It’s clear to us that many non-profit leaders do not appreciate the role of management.  Either they don’t spend the money to hire managers or they create a system in which the only way to grow professionally at a non-profit is to move into management.  This takes good “salespeople” (MGO’s), using the skills they were born with, to now sit behind a desk and do something they are very bad at (managing).
Folks, this is a crisis for non-profits.
Here is how you can stop this turnstile of good people coming and going, and start to see your major gift program begin to grow by leaps and bounds.

  1. Hire good managers who love to develop people and know how to motivate and hold their folks accountable.  99% of the time these are not people who are good major gift officers.  So, don’t “promote” a major gift officer into this role.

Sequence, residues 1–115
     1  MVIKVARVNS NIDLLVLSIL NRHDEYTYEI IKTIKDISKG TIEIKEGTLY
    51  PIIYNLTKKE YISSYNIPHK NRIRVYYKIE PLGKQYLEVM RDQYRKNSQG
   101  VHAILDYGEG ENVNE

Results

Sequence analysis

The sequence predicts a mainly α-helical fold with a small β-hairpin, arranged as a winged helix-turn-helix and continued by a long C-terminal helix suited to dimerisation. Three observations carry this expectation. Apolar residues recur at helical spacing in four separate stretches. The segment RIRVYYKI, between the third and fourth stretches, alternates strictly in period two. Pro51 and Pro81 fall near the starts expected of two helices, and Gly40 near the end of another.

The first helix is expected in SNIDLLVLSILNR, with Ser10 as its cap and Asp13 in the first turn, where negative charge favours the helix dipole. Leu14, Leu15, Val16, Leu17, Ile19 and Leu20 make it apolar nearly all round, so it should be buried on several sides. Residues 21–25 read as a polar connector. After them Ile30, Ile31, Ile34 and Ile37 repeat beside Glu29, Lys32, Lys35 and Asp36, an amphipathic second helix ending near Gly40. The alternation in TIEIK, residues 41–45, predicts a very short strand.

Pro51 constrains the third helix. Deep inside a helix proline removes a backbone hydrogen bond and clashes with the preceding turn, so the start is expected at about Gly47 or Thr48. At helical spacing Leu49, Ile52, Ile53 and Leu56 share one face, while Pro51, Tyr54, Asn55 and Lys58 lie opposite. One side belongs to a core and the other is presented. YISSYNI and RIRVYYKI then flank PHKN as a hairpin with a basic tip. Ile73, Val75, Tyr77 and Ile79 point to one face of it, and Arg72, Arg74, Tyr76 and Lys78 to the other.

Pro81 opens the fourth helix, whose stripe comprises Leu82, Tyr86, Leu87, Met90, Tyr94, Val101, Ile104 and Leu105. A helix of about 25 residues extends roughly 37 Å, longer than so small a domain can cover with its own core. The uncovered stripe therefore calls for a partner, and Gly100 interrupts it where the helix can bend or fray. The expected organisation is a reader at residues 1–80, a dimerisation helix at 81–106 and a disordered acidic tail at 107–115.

2. Make sure major gift officers have a revenue goal for each donor.
  3. Every revenue goal must have a plan to secure it.  Make sure that plan is completely outlined by the MGO for each month.
  4. Meet with your MGO’s every week to make sure they followed the plan you discussed the week before and update you on their progress.  Now, you might get pushback from your MGO’s about this.  I don’t care.  Over time, they will realize this actually helps them.  Not only are they reporting back to YOU, but it forces them to spend time each week reflecting on what they did and where there they need to go.
  5. Every month, go over their caseload revenue together.  Are they on track?  If not they must explain why.